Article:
Leaving lockdown at your own pace

As the anniversary of when we first entered lockdown approaches, now more than ever, we’re all probably feeling ready to escape the perimeters of our confinement. Luckily, the roadmap to normality has been announced, and the 21st of June is pencilled into everybody’s diaries (or should I say firmly outlined with a permanent marker?). And yet, the closer freedom becomes, the more I’m finding myself dreading what we used to call normal life. 

Currently, our surroundings are saturated with reminders of loss. Every week the funeral tolls on my phone will ring as the weekly death-count is announced. And so, amongst the grief that will surely follow, juggling a sudden return to life as we once knew it will be jarring and, more than likely, exhausting. 

The person I was in fresher’s week is a very different person to me now. Last year, in between lectures and learning to live without the watchful guidance of my parents for the first time, I would also be going out every night of the week. Fast forward to now, during a brief fling with tier 2 a few months ago, one quick trip to the pub was enough to knock me out for days. 

Seemingly, everyone around me is buzzing with excitement for lockdown to end and it feels almost embarrassing to say that I will need more time to adjust. Nonetheless, as the end approaches, the realities of returning to normal life are becoming clearer; despite how it may appear online, with the endless stream of people begging for festival tickets, everyone is much more tentative than they appear.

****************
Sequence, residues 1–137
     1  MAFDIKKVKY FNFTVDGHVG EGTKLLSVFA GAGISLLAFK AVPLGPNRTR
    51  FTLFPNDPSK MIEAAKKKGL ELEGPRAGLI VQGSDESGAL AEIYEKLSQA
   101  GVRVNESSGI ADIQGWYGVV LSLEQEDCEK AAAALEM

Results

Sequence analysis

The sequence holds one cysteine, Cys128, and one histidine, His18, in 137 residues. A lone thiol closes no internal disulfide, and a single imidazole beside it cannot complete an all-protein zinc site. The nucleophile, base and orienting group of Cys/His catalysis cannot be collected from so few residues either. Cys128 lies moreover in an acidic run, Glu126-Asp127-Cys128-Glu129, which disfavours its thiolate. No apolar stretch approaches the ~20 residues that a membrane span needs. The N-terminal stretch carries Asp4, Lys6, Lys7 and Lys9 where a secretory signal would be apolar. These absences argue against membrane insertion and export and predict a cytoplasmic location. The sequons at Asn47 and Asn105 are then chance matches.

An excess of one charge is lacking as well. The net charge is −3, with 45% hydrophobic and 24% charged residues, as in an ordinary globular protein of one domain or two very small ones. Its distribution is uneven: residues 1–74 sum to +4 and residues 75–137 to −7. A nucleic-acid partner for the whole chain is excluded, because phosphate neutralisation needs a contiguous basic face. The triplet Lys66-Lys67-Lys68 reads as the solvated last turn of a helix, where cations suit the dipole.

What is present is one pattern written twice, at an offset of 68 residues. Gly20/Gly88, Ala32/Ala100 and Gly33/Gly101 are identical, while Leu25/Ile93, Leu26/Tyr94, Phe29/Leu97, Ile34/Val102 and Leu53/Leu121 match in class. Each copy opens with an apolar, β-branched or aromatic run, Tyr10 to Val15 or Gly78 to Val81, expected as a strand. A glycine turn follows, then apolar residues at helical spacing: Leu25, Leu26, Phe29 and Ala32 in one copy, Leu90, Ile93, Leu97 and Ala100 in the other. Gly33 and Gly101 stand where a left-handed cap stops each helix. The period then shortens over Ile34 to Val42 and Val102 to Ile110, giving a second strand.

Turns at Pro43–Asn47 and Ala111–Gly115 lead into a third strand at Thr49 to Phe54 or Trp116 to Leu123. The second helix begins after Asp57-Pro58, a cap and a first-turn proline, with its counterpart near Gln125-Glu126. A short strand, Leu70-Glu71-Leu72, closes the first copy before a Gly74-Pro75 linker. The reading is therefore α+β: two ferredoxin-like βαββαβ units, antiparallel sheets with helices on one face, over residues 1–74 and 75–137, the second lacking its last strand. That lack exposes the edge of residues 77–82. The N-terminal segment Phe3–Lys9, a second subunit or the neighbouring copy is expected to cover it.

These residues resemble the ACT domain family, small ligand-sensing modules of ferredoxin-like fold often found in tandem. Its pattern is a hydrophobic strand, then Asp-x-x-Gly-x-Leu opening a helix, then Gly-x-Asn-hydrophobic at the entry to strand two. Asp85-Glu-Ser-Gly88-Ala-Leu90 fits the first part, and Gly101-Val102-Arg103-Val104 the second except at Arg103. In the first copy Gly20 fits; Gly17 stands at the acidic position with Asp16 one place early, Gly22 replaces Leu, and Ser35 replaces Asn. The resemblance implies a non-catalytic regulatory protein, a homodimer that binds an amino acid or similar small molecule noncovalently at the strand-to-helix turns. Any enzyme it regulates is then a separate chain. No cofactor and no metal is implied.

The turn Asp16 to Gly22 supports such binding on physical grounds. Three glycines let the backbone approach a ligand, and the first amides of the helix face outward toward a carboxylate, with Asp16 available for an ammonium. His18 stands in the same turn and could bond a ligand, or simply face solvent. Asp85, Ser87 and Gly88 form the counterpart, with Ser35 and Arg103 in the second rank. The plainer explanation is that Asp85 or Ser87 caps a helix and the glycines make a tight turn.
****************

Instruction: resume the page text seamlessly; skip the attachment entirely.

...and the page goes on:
That being said, as overwhelming as it may seem, leaving lockdown doesn’t have to be as impossible and unmanageable as it appears right now. When we finally reach the 21st of June (which is still four months away), I’m sure we will all be ready to escape outside; it is only a case of going at your own pace. For me, going from being in bed by 10pm every night to a sleepless (and sweaty) 5-day festival is too big of a leap. My plans for leaving lockdown involve dinner parties with friends and well-dispersed trips to the pub. 

Let yourself recover. And this could really mean anything; of course, spending a day in bed recharging whilst you watch Netflix is a good option (also one of my personal favourites). Alternatively, you could relax by starting with something small – like many people in lockdown, each week gave rise to a new hobby, from crochet, to sudokus, to endless baking, some have endured better than others. And there’s nothing to say these hobbies can’t transcend into our daily lives as a means to help ourselves relax. 

Eventually, the walk to the pub and offbeat dancing in clubs will undoubtedly come back like muscle memory. For some this may take more time than others, but that’s more than okay! However you choose to celebrate leaving lockdown, whether it’s a quick drive to Barnard Castle, celebrating the buzz of Princes Street or making up for a year’s worth of missed hugs; you don’t have to replace the anxiety-inducing confinement of your bedroom walls with the claustrophobic crowds of clubbing. Take your time and relish in the freedom of leaving quarantine.

As we emerge from our year-long hibernation, be kind to yourself. Allow yourself to take your time, and equally, allow yourself to feel the excitement and apprehension of returning to normal life. Even if people won’t say it, we all feel the same way.

Image: Danny Howe via Unsplash